9) Songshan Airport. Most airports are on the outskirts of cities, or way outside the city. Not Songshan. It is not in the center of the Taipei basin, but it is surprisingly close. I generally do not care for air travel, but one of the exceptions is flying in or out of Songshan airport. You can really see how Taipei is a dense built-up metropolis in a bowl, with a ring of green mountains serving as the lip of the bowl. As the aircraft approaches Taipei, all of the buildings become closer and closer, and more and more landmarks become identifiable. And then the aircraft plunges straight down into the heart of the city with two million residents (yep, Taipei has a bigger population than any city in the United States except New York and Los Angeles). (I suspect that San Jose airport may be similar since it is close to downtown San Jose, but since I have never flown into/out of San Jose, I’m not sure). You can see what it looks like in this video.

So there you have it. I probably will never write a fictional story set in Taipei, but this gives you all an idea of which impressions of Taipei have stayed with me all of these years.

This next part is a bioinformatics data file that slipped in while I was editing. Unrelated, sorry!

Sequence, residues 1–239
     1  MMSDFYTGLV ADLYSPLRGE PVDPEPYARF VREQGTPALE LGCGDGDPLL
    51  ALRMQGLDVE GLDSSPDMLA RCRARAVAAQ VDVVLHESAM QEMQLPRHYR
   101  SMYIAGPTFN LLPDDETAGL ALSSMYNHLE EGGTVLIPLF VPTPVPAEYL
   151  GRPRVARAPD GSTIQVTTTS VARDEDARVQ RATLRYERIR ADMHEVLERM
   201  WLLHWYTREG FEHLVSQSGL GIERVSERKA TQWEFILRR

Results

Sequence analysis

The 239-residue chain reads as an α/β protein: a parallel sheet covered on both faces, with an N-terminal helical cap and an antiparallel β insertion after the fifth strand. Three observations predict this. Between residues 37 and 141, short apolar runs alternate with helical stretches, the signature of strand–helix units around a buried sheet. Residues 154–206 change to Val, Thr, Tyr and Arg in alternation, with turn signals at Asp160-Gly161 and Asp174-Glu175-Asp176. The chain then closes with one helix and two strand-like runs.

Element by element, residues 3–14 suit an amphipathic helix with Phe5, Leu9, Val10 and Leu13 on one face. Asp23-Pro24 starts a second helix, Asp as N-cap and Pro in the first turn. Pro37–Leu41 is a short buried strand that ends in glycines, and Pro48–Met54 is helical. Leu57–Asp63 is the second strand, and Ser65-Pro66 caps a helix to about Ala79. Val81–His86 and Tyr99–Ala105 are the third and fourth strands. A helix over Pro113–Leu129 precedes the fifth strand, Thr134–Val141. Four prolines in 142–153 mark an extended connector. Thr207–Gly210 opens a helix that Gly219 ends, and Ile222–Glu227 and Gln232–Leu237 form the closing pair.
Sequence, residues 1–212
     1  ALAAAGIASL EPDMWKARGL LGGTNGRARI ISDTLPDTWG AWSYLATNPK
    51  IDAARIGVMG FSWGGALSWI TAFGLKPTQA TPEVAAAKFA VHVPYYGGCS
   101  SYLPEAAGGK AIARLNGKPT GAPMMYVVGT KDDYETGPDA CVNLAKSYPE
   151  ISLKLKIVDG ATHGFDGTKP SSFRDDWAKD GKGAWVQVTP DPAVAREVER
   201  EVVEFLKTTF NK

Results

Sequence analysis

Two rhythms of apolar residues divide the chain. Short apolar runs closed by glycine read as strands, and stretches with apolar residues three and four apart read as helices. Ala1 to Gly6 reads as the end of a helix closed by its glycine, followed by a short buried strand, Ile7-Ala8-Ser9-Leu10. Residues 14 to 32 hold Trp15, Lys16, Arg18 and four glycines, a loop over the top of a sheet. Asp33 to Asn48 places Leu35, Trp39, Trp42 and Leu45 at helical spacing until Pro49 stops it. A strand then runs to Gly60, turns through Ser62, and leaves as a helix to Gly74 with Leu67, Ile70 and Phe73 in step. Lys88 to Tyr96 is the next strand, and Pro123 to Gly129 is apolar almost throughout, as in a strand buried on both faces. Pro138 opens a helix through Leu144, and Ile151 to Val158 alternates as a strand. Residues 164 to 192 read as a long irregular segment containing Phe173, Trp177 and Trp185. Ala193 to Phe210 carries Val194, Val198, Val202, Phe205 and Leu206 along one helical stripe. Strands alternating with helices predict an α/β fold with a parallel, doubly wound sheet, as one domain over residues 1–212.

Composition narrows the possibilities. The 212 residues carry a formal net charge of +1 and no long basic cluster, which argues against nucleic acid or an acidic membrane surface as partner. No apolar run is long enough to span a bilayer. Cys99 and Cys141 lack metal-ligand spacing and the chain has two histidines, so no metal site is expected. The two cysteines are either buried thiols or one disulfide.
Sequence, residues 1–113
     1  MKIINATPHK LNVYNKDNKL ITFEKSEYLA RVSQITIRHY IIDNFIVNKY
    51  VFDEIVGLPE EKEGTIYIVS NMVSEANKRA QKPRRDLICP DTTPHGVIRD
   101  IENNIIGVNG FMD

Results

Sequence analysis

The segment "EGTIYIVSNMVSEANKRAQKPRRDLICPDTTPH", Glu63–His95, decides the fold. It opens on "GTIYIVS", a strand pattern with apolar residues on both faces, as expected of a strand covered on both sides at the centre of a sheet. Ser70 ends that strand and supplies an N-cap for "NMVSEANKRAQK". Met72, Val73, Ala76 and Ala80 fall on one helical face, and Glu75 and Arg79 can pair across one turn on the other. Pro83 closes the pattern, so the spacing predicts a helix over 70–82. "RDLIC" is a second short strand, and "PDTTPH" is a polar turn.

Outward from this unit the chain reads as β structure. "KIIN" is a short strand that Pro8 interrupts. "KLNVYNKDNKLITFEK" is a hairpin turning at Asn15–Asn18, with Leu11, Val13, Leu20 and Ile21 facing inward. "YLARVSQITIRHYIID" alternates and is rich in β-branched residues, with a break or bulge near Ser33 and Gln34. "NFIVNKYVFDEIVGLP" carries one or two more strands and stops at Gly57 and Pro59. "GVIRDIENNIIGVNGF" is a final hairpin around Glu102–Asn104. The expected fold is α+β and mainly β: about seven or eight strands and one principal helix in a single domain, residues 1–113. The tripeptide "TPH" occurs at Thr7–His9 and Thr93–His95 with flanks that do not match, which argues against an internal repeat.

Advertisements

The Visitor Perspective vs. the Residential Perspective

The book cover of Want

I read two novels back to back, Want by Cindy Pon and Ann Mary, Contraception, and the Pope of Rome by Nancy Taforo-Murphy. Both of these novels are centered in a particular city – Want is centered on Taipei, and Ann Mary, Contraception, and the Pope of Rome (which from now on I will abbreviate as ‘AMCatPoR’) is centered on San Francisco. Reading these two novels one after another – and my familiarity with these two cities – made it apparent that these books are not only about two different cities, but they are presenting those cities from very different perspectives.

I have an odd relationship with Taipei. I lived in Taipei for a few months, and I worked in Taipei for years (my job in Taiwan was split between Taoyuan, Taipei, and Hsinchu), not to mention all the times I went to Taipei to run errands/meet with people/make a transit connection. On the one hand, I got to know Taipei very well because I commuted there so often, but it never became ‘home’ to me the way that Taoyuan did.